Johann Sebastian Bach
Partita No. 5 in G Major, BWV 829
Partita No. 6 in E Minor, BWV 830
Four Duets (Clavierübung III):
....Duet I in E Minor, BWV 802
....Duet II in F Major, BWV 803
....Duet III in G Major, BWV 804
....Duet IV in A Minor, BWV 805
Overture in the French Style (Partita in B Minor), BWV 831
INDIE Award Nominee
"Every bit as engaging as in the first four... Schepkin plans to record all of Bach's keyboard music, and I will want to own very volume."
--American Record Guide
"Schepkin is a very special phenomenon... What I miss in almost anyone else's Bach, and find time and again in Schepkin's, is the overwhelming sense of polyphonic lines propelling each other in lively and organic rhythmic play, as well as the feeling...that under his hands melodic line moves unerringly with harmonic pulse."
The Russian-American pianist Sergey Schepkin has performed, to great acclaim, in many countries of the world in such venues and on such series as Weill Recital Hall at Carnegie Hall, the Great Performers Series at Lincoln Center, the Metropolitan Museum of Art, the Bank of America Celebrity Series in Boston, the Kennedy Center for the Performing Arts in Washington, DC, the Grand Philharmonic Hall in St. Petersburg, Russia, and the Sumida Triphony Hall in Tokyo, among many others. He has won particular praise for his performances and recordings of J.S. Bach, and was hailed by The New York Times as "a formidable Bach pianist . . . [who] plays with the passion and drama of a young Glenn Gould." "No one who loves Bach can afford not to listen to these performances," Fanfare magazine wrote about Schepkin's recording of Bach's Partitas. International Piano judged his recording of the First Book of Bach's Well-Tempered Clavier as one of the best ever made, along with those of Edwin Fischer and Sviatoslav Richter, and Amazon.com proclaimed: "For Bach Partitas, he is it." The Essential Listening Companion catalog considered Schepkin's recording of Bach's "Goldberg" Variations as one of the top three recordings of that work on the piano along with the one by András Schiff and the 1981 version by Glenn Gould. The American Record Guide deemed Schepkin "the major Bach interpreter of his generation."
Schepkin’s repertoire is immense: it includes most important works of keyboard and chamber literature written over the past four hundred years. The pianist is particularly fond of Romantic and Russian works. The New York Times deemed him "a Romantic firebrand" and "an estimable Brahmsian," while the New York Sun proclaimed his performance of Mussorgsky's "Pictures at an Exhibition" at New York's Bargemusic one of the best performances of 2004. The Boston Globe defined Schepkin as "an artist of uncommon, almost singular capability and integrity... [who] synthesizes the most diverse approaches and insights." Schepkin has performed with the St.Petersburg and Oslo Philharmonics, the Norwegian Broadcasting Symphony, and the Boston Pops, as well as the Borromeo, Cuarteto Latinoamericano, New Zealand, and Vilnius string quartets. He has collaborated with and commissioned works from such composers as Alan Fletcher, Michael Gandolfi, and the late Daniel Pinkham. He also earned Sofia Gubaidulina's praise for his interpretation of her "Chaconne."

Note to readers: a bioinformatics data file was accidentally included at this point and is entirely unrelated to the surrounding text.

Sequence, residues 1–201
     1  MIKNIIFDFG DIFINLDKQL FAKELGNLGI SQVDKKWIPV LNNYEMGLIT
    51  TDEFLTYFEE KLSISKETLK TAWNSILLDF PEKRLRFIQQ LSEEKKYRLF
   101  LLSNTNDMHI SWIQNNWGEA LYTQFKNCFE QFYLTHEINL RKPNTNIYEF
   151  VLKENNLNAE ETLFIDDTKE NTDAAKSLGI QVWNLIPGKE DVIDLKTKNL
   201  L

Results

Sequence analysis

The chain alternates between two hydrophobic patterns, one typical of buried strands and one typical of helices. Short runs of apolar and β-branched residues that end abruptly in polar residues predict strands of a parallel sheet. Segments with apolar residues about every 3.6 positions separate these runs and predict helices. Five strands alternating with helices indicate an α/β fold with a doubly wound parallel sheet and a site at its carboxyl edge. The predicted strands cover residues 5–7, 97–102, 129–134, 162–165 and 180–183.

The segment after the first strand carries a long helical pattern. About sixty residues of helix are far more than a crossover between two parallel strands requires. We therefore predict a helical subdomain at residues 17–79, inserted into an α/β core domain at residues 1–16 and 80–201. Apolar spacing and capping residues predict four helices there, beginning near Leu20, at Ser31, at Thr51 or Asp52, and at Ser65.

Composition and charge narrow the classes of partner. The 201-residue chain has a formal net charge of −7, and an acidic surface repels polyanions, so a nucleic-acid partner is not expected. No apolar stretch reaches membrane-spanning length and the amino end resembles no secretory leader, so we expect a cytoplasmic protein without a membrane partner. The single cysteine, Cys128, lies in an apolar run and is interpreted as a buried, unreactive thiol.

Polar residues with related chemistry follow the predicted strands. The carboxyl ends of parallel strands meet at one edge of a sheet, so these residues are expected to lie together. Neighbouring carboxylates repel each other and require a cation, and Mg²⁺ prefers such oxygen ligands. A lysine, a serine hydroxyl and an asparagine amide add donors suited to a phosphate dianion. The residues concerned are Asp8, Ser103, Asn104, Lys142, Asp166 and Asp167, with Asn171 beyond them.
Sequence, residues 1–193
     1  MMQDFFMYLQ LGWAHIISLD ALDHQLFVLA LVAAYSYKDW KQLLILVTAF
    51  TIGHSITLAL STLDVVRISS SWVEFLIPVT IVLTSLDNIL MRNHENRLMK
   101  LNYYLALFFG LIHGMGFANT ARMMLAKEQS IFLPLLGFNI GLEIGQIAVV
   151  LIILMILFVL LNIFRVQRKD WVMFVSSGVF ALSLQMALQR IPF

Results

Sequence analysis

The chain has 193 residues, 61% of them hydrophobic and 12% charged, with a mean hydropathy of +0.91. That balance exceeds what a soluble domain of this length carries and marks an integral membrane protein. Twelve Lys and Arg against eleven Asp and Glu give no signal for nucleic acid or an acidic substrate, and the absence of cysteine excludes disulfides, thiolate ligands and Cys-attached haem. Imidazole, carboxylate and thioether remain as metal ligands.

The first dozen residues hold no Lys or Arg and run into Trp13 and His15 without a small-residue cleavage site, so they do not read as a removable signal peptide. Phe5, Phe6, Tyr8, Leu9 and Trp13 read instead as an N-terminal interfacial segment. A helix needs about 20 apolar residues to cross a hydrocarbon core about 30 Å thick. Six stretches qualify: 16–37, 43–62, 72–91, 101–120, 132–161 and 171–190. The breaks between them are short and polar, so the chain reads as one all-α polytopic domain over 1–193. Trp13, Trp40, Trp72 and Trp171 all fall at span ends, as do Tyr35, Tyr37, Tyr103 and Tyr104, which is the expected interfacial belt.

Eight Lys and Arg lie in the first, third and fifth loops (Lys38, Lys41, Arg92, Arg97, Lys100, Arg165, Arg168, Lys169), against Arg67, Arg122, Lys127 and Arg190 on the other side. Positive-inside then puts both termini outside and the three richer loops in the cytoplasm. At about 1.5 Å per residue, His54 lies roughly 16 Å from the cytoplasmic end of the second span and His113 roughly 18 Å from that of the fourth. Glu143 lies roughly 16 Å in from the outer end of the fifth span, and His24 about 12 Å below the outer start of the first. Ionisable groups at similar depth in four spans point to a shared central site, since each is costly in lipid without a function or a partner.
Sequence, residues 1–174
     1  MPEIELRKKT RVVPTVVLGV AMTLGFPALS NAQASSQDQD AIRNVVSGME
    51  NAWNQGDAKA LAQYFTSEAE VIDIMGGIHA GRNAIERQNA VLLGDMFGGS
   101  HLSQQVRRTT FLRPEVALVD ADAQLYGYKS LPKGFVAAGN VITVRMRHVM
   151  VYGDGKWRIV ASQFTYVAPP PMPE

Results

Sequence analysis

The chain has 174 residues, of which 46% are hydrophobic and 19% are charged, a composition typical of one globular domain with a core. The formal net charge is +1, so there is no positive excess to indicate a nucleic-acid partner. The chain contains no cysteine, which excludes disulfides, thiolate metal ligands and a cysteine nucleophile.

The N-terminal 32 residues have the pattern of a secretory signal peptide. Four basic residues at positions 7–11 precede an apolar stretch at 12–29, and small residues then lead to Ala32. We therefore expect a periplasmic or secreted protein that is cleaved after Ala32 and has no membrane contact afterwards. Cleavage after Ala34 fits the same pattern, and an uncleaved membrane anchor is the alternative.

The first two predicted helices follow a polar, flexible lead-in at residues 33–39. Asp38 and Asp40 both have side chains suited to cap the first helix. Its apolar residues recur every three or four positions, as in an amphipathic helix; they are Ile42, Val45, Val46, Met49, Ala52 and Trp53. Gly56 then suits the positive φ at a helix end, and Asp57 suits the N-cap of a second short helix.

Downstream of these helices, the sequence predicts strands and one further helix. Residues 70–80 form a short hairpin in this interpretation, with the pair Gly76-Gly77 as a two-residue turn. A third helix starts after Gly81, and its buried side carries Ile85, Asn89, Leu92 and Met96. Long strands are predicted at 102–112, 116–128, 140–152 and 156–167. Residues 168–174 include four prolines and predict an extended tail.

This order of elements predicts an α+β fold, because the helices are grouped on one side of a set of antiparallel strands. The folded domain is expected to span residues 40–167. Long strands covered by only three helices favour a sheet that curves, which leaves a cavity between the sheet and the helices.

Born in St. Petersburg, Russia, Schepkin studied piano at the St. Petersburg Conservatory with Alexandra Zhukovsky, Grigory Sokolov, and Alexander Ikharev, graduating summa cum laude in 1985; there, he also was Prof. Ekaterina Murina's assistant in 1987-89, and taught on the piano faculty in 1988-90. After his permanent move to the United States in 1990, he studied with Russell Sherman at New England Conservatory in Boston, where he earned an Artist Diploma in 1992 and a Doctor of Musical Arts degree in 1999. In 1994-98, Schepkin coached with the late legendary French-American pianist Paul Doguereau. Boston was Schepkin's home from 1990 until early 2007; the Boston Phoenix once described him as "one of Boston's great treasures, a supremely intelligent pianist who plays Bach as well as anyone." Since 2003, Schepkin has served as Associate Professor of Piano at Carnegie Mellon University in Pittsburgh, and he moved to that city permanently in the spring of 2007.
Schepkin's awards include the first and Chopin prizes in the 1999 New Orleans International Piano Competition, top prizes in the 1988 Crown Princess Sonja and 1985 All-Russia piano competitions, first prize in the 1978 International Competition for Young Musicians in Prague, the 1995 and 1999 Ludwig Vogelstein Foundation Awards, the 1993, 1995, and 1999 St. Botolph Club Foundation Grants, the 1993 Harvard Musical Association Award, and the 1992 Presser Foundation Award. In 2003, he was awarded the Maestro Foundation Genius Grant.
Schepkin's 2007 engagements included performances of Rachmaninoff's Second Piano Concerto with orchestras in Massachusetts and New Hampshire, as well as Japan and South Korea debuts as soloist and chamber player. Following his Tokyo performance of Bach's "Goldberg" Variations, Asahi Shimbun wrote: "Schepkin is a magician who can create transparent zero gravity with music." Schepkin also performed chamber music in Massachusetts and Florida with violinist Lucia Lin and cellists Owen Young and Francisco Vila. In October of 2007, he participated in a collective performance of Bach's Art of the Fugue at the Emmanuel Church in Boston, along with several distinguished Boston pianists and composers. Schepkin will return to Japan in June of 2008, when he will perform recitals in Tokyo, Kyoto, and Sapporo. A return appearance at the Northern Flowers festival in St. Petersburg, Russia, is planned for October of 2008.